For a resurgent economy

There are still some restrictions to be removed but with the resumption of flights to the UK, we can say that we are well on our way to get the economy back on its feet.

We all have heard the sums that the government has ploughed back, even borrowing to do so, so as to get the economy moving again.

The constituted bodies, who were very vocal to push the government to come up with package after package, now seem to have fallen silent. So the country is left groping around for answers: are these packages enough? Have they worked?

We can compare and contrast the help that has been given to that given by other countries.

But the Maltese economy is of a specific type – it has a very high percentage of service enterprises, mainly linked to tourism. This makes it far more exposed than an economy, for instance, based on exports or on the internal market.

This also means that it is of paramount importance that Malta remains a safe country, that it keeps the amount of Covid infections as low as possible and its health system free of getting overwhelmed. It is also paramount that Malta and its tourism sector get recognised internationally as being safe to come here.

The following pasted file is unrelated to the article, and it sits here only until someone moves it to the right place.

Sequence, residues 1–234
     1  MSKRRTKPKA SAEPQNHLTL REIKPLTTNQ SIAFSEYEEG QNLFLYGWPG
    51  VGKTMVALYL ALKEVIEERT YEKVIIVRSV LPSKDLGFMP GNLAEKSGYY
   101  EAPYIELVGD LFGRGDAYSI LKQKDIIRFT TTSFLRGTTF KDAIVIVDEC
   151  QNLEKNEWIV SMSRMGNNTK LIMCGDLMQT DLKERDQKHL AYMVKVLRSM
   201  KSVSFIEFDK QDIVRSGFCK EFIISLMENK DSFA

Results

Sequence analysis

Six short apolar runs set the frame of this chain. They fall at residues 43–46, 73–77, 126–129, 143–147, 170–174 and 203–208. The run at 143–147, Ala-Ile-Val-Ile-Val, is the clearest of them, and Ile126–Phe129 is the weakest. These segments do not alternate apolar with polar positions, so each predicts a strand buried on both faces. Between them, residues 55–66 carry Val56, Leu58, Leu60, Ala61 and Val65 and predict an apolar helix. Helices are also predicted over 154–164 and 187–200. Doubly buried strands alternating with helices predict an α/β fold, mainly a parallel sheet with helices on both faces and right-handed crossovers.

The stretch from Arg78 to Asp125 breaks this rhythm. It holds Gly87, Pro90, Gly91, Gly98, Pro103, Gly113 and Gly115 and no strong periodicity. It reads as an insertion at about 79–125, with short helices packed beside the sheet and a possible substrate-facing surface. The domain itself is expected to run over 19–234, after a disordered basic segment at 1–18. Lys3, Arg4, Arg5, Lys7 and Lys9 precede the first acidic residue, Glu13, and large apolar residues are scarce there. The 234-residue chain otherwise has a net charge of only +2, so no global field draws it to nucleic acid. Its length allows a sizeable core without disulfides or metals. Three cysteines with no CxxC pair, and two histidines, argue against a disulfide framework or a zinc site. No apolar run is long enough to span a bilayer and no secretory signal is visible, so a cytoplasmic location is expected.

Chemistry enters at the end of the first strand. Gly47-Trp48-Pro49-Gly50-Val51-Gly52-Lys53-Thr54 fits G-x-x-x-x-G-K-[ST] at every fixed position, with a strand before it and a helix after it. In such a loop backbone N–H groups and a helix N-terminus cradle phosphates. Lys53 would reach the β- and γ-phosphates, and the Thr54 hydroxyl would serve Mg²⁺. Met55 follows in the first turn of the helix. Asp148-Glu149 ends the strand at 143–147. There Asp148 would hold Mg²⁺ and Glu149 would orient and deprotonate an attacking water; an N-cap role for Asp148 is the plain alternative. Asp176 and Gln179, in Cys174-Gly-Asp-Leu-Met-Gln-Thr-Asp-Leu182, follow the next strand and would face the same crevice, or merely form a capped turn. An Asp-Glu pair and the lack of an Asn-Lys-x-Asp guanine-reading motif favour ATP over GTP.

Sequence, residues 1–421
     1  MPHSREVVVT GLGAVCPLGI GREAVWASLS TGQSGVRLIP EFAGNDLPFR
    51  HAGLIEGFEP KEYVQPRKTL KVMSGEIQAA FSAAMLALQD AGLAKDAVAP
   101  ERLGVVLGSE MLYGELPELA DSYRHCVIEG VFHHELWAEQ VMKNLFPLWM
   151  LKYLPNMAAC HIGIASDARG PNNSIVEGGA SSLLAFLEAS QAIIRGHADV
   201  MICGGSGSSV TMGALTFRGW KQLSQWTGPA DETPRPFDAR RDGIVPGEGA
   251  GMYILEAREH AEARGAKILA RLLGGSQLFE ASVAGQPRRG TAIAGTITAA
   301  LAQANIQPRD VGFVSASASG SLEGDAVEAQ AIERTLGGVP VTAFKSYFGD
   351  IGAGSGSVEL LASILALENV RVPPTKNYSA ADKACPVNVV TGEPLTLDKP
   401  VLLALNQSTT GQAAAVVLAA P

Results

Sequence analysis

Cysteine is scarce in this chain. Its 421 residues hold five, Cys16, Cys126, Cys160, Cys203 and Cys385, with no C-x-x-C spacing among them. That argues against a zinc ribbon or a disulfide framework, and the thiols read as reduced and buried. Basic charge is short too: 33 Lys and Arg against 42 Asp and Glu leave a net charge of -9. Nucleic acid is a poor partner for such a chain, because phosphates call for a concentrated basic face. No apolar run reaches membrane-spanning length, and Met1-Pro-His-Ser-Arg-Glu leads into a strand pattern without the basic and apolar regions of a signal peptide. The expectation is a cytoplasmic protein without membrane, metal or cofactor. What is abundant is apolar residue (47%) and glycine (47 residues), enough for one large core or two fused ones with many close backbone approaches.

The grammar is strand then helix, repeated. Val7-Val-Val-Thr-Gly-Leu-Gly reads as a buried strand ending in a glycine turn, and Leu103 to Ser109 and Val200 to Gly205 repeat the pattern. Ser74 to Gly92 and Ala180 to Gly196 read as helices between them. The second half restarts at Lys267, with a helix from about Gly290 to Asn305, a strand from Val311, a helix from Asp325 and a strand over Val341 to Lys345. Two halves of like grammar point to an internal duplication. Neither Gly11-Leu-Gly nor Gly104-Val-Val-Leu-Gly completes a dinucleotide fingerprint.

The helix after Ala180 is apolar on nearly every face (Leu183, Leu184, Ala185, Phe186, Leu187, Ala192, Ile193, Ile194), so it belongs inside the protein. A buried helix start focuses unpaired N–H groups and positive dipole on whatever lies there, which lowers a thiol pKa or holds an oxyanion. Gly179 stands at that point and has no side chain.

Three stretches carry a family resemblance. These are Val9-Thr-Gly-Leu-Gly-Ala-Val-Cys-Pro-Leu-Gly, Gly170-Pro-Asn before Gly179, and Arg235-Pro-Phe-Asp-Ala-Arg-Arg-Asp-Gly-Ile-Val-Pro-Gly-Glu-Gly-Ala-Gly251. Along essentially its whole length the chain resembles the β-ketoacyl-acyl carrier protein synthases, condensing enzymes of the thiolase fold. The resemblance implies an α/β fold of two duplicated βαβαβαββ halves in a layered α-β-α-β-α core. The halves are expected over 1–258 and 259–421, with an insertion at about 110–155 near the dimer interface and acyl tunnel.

Already one can see other countries which opened up too rapidly or without the proper health infrastructure and which have been forced to lockdown back while other countries from where tourists were expected had to order their citizens to avoid going to that country.

We repeat, other countries could fall back on the internal market or exports. In our case, these two sectors are too small to sustain the rest of the economy.

All over Europe, talk is about contraction – a 7.8% contraction in German gross domestic product, an 8% decline in the US, 10.2% in the UK, 12.5% in France and 12.8% in Spain and Italy.

Each country, at first on its own, given the urgency, and soon collectively as a union, have dug deeper and deeper into their pockets to come up with funds to stave off the worst impacts of the Covid recession. The European Council, which meets face to face in the coming days, is expected to come up with more funds for the reconstruction.

There may however be a side effect, as our main story says – the Council may decide to take steps to curb tax avoidance by some states, with Malta mentioned in this regard.

Like the ‘boy cries wolf’ story, we have been hearing this for ages that we have stopped believing it. The depth of the Covid crisis might make the previous impossible a sad reality.

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